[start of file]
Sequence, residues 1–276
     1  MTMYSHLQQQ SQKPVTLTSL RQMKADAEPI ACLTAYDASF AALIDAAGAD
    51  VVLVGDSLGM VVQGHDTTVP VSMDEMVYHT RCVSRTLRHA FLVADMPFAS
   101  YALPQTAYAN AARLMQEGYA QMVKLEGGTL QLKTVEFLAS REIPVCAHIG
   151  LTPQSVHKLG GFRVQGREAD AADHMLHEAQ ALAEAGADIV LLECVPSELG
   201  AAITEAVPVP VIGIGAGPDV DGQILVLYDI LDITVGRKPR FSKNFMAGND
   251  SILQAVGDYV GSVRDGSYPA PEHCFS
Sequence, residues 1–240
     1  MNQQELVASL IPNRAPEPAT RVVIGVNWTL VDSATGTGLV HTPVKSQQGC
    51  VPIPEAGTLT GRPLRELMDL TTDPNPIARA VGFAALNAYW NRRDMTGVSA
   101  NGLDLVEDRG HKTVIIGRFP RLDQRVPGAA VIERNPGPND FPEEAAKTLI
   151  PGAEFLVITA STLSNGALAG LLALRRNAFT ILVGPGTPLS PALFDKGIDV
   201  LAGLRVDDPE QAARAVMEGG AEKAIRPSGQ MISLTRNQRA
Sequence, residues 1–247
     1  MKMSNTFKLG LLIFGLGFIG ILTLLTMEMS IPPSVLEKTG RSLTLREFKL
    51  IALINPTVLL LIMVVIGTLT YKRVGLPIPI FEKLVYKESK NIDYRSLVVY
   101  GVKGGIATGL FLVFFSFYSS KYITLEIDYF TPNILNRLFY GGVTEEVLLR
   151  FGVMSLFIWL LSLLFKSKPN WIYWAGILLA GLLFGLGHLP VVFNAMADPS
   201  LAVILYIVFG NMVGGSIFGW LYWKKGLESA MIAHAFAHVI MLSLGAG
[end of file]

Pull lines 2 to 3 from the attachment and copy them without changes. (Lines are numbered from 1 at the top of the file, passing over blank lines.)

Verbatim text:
     1  MTMYSHLQQQ SQKPVTLTSL RQMKADAEPI ACLTAYDASF AALIDAAGAD
    51  VVLVGDSLGM VVQGHDTTVP VSMDEMVYHT RCVSRTLRHA FLVADMPFAS